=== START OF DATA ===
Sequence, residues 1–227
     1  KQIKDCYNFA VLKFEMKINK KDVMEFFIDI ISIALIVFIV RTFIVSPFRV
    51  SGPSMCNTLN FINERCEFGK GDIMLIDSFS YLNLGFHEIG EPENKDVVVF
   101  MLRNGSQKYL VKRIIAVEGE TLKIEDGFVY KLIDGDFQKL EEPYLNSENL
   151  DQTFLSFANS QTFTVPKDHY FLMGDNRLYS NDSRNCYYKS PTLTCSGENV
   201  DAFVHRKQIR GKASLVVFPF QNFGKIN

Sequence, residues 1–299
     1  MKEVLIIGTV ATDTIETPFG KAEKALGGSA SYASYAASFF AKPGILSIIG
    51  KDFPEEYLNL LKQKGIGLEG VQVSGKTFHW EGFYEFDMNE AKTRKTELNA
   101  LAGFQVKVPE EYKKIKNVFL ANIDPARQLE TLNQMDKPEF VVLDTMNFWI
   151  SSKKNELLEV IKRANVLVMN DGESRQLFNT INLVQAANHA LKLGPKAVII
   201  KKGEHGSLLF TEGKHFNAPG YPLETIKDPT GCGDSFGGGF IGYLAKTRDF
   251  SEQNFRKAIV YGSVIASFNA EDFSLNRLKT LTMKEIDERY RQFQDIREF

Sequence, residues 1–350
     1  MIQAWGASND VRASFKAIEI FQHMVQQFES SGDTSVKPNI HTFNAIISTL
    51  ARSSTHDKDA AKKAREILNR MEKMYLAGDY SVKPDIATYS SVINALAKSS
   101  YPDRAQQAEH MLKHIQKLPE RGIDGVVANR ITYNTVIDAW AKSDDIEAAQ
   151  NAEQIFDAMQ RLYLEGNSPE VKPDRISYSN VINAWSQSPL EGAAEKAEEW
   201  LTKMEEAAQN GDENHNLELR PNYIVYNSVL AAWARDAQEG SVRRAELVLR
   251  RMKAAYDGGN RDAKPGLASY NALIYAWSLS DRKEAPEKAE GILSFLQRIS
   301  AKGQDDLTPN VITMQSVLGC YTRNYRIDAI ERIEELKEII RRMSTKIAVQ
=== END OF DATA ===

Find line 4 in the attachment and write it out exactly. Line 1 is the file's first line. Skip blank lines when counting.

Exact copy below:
   101  MLRNGSQKYL VKRIIAVEGE TLKIEDGFVY KLIDGDFQKL EEPYLNSENL